Cruising the Backwaters of Kerala (with kids)

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Cruising the Backwaters of KeralaOne of the most popular experiences for travelers in the Southern region of India is to take a boat tour on the backwaters in the beautiful state of Kerala.

The Backwaters of Kerala is a network of interconnected canals, rivers, lakes and inlets formed by more than 900 km of waterways. The backwaters present a unique ecosystem where freshwater from the rivers meets the seawater from the Arabian Sea. Local oarsmen take tourists to an amazing world of lush greenery and tranquility hidden from street views. From small wooden boats to large rice barges, there is something for everyone on the backwaters.

Cruising the Backwaters of KeralaFor overnight cruises, you set sail on a traditional kettuvallom. These giant 100 foot long boats have been adapted into fully furnished houses ranging from one to four bedrooms. Boats have open air living rooms, AC in the bedrooms and fully functioning western style bathrooms. Each boat also typically comes with a captain, a chef and other houseboat guides to take care of your every need while on board.

[box]TRAVELERS TIP: If you opt for an overnight stay on a larger boat, make sure to make time to explore the smaller, narrower waterways on a small wooden boat. The scenery, wild life and human life you will encounter on these small byways will be the highlight of your journey.[/box]

Cruising the backwaters of KeralaOn my first trip to Kerala, I opted for a short half-day trip out on small (motorized & non-motorized) boats. It was a wonderful day slowly cruising the tiny backwater lanes taking in rural life of India. It was fascinating to see how closely connected the villagers were to their surroundings, living so close to the waters edge and using it in all aspects of life. As a first introduction to the the backwaters, it was mesmerizing and exactly what I had hoped it would be.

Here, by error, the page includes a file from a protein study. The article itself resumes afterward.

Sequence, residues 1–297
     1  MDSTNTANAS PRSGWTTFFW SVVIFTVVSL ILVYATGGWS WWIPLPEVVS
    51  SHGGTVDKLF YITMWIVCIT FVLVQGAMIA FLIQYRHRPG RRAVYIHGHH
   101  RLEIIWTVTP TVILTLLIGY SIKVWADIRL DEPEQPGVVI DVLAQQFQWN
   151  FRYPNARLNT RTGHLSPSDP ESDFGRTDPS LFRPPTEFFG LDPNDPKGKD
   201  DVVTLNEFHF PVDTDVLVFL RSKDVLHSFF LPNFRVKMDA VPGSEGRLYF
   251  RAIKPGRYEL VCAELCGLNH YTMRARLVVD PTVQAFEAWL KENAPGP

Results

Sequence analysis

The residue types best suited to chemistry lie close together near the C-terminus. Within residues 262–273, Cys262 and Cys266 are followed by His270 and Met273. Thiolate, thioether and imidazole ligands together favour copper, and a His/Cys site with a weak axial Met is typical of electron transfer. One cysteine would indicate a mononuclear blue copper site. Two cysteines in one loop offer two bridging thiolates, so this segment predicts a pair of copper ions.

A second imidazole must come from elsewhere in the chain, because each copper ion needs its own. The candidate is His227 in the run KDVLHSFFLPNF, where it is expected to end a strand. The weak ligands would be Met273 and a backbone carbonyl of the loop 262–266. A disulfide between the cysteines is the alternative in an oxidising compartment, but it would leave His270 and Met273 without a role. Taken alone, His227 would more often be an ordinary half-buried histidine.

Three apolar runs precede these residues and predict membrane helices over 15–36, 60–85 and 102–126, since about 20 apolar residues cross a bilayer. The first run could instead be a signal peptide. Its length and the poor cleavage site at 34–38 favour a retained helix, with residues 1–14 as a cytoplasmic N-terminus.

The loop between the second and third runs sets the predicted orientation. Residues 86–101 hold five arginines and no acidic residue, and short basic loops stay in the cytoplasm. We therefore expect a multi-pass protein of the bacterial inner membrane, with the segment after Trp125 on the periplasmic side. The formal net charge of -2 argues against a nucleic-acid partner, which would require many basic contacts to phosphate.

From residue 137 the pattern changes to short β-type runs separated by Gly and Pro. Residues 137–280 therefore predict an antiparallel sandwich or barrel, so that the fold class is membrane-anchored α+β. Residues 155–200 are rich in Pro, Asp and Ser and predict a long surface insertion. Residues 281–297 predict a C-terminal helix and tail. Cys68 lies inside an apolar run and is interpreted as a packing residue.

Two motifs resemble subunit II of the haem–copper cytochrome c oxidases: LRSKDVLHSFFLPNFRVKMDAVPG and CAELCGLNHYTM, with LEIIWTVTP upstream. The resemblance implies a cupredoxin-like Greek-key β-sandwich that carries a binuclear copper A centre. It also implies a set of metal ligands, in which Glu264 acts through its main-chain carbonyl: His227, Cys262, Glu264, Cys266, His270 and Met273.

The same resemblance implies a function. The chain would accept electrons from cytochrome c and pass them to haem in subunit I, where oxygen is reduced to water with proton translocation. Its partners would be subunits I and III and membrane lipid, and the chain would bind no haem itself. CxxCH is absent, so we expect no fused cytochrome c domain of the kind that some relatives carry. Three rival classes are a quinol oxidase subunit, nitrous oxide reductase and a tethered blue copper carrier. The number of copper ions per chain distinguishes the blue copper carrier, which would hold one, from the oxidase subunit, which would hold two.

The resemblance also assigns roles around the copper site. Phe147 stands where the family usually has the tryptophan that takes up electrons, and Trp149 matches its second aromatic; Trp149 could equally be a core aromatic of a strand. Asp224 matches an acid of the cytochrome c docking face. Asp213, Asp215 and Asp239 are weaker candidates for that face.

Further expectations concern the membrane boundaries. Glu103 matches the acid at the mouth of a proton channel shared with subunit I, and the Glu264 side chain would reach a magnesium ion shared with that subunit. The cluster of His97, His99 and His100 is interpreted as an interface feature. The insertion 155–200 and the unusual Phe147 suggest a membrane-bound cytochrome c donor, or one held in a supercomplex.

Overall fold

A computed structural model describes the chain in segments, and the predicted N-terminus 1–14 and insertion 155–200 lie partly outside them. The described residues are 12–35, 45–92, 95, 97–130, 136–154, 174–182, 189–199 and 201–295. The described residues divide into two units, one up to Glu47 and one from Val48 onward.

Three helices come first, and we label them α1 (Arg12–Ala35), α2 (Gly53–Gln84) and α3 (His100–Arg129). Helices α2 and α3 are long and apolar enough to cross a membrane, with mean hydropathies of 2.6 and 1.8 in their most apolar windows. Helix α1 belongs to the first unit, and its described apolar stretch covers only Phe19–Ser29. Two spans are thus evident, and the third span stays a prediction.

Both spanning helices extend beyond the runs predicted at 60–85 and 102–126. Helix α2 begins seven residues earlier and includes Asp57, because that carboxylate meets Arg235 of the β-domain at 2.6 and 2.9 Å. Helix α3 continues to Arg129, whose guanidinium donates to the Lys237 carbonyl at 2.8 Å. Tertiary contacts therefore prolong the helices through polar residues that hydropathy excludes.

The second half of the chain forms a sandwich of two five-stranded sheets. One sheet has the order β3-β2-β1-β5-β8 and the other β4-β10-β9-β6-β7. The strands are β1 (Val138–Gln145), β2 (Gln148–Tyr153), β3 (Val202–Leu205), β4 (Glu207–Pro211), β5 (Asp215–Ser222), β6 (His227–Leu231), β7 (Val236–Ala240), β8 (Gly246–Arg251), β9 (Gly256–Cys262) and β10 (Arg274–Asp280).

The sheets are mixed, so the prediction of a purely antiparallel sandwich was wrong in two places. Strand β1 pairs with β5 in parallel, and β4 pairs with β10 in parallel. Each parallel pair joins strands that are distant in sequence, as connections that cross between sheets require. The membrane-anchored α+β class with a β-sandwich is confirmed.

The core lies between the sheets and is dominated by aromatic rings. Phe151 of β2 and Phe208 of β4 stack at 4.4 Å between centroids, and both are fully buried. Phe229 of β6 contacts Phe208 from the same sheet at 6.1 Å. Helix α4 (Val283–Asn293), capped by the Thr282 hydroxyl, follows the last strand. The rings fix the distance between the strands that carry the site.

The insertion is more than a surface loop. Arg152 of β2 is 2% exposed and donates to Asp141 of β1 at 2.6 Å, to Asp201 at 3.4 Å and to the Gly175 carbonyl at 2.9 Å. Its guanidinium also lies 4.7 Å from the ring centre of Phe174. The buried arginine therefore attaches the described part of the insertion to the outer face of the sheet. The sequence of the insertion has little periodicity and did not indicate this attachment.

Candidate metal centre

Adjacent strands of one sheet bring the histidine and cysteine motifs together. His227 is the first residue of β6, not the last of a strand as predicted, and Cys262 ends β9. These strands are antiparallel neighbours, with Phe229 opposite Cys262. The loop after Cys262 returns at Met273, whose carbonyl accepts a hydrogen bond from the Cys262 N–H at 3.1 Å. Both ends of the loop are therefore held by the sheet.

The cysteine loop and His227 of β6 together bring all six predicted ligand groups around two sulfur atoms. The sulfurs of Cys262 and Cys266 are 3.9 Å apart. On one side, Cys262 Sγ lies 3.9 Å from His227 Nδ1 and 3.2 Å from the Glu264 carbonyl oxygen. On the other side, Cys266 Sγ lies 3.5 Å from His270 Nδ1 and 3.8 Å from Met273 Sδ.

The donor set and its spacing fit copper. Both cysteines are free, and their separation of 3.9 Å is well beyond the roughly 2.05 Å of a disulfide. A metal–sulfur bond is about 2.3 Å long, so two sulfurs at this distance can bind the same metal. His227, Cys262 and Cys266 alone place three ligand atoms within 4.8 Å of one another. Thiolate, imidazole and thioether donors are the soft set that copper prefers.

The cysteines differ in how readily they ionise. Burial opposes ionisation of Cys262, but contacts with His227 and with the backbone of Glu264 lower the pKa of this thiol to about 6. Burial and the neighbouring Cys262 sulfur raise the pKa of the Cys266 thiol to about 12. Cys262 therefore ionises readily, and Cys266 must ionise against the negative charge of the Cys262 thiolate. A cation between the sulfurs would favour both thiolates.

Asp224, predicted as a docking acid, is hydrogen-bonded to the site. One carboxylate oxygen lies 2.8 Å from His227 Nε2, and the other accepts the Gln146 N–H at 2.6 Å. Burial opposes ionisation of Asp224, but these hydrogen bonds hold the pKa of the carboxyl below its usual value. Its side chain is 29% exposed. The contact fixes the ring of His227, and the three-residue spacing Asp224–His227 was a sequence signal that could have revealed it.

Fast forward more than 10 years later when I returned with my 3 year old son. I had heard mixed reports about the overnight houseboats through the years, but I knew that cruising the backwaters on a small boat would not be a long lived excursion for a rambunctious 3 year old. Instead we opted for one night on the beautifully crafted rice barges with an hour long small boat excursion added on, a perfect combination of the two.

Cruising the backwaters of KeralaCruising the backwaters on an overnight tour starts around 11 a.m. ending the following morning. The one day tour provides ample opportunities for exploring the boat, relaxing while watching rural life go by as well as time for excursions down the tiny streams jutting off the main thoroughfare. You may wonder how to keep kids entertained in closed quarters, but trust me when I say that they will find entertainment in searching for animals, watching the gaggles of school kids running along the shores waving at passing boats and examining the many different types of boats on the water. For adults without kids looking for serene relaxation, longer cruises are also available venturing further out.